In a released decision, the Connecticut Appellate Court upheld the termination of a mother’s parental rights in large part because she failed to achieve a degree of personal rehabilitation as would encourage a belief that, within a reasonable time, she could assume a responsible position in her child’s life. The trial court record demonstrated that the mother had a very long history of alcohol abuse, which originally led to DCF’s involvement in the case. In fact, the mother was arrested on several occasions for operating a motor vehicle while under the influence of alcohol. On one such occasion, her two children were in the vehicle, which resulted in charges for risk of injury to a minor. Following a subsequent incident in which a DCF worker found the mother intoxicated at a foster home with her two children, the Department invoked a 96-hour hold. Shortly thereafter, the Court adjudicated both children neglected.
Following her release from a term of imprisonment, the mother took significant steps to rehabilitate. She attended a four week program aimed at personal development, employment skills and team building; completed a mental health and substance abuse program; participated in individual counseling at women’s trauma groups; obtained a job with her former employer as a certified nurse’s aide; and was attending Alcoholics Anonymous.
In reviewing the mother’s claim that her efforts constituted sufficient rehabilitation, the Court explained that under Connecticut law, personal rehabilitation refers to the restoration of a parent to his or her former constructive and useful role as a parent in light of the needs of the particular child. Importantly, sufficient rehabilitation must be foreseeable within a reasonable time. In assessing rehabilitation, the critical issue is not whether the parent has improved her ability to manage her own life, but rather, whether she has gained the ability to care for the particular needs of the child at issue. In affirming the trial court’s decision, the Appellate Court noted that the evidence demonstrated the mother would need to remain sober, and seek treatment for several years before she could function independently on a day-to-day basis. Indeed, as one expert testified, the mother would require a period of rehabilitation lasting three years, if not greater, to establish not only the sobriety, but also the personal resources to deal with significant life stressors without decompensating again.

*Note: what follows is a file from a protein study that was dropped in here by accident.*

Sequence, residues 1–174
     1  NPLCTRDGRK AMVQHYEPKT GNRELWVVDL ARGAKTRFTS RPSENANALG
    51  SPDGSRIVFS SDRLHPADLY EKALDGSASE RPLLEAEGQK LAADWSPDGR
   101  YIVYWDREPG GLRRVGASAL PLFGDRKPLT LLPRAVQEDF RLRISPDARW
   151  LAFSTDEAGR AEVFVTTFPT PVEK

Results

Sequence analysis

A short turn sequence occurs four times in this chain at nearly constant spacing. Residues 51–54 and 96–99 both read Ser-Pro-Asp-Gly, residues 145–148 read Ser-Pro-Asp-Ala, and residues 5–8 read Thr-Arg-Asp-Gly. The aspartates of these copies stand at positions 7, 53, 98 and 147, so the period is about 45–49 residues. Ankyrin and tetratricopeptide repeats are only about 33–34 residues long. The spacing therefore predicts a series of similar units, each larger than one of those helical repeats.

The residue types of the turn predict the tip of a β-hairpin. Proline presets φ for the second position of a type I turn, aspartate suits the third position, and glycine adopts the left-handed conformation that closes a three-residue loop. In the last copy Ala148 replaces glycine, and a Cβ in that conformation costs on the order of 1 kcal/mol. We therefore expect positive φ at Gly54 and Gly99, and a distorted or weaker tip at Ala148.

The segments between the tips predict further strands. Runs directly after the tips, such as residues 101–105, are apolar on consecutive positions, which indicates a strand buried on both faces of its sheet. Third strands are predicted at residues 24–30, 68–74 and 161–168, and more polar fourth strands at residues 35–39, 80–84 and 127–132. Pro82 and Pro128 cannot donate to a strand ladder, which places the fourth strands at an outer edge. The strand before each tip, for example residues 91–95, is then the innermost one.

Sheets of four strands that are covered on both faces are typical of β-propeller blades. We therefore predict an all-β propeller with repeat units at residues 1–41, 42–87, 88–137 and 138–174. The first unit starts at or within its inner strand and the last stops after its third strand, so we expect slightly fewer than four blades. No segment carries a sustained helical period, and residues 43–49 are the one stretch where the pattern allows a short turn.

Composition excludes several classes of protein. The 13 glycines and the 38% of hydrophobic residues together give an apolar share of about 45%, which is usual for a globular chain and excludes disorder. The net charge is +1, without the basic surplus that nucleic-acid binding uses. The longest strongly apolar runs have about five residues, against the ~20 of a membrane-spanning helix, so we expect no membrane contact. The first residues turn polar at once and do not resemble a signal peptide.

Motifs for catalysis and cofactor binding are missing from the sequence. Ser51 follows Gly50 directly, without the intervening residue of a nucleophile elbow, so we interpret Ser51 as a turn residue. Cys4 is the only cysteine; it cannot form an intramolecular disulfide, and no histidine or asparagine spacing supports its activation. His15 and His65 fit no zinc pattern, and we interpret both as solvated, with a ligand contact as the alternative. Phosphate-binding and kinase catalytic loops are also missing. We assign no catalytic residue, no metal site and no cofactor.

Based on evidence that the mother would need to maintain sobriety for several years before it could be determined with a reasonable level of psychological certainty that she could remain sober, and a reliable parent, the Court held that the trial court did not err in determining the mother failed to achieve personal rehabilitation.
By: Michael D. DeMeola, Esq
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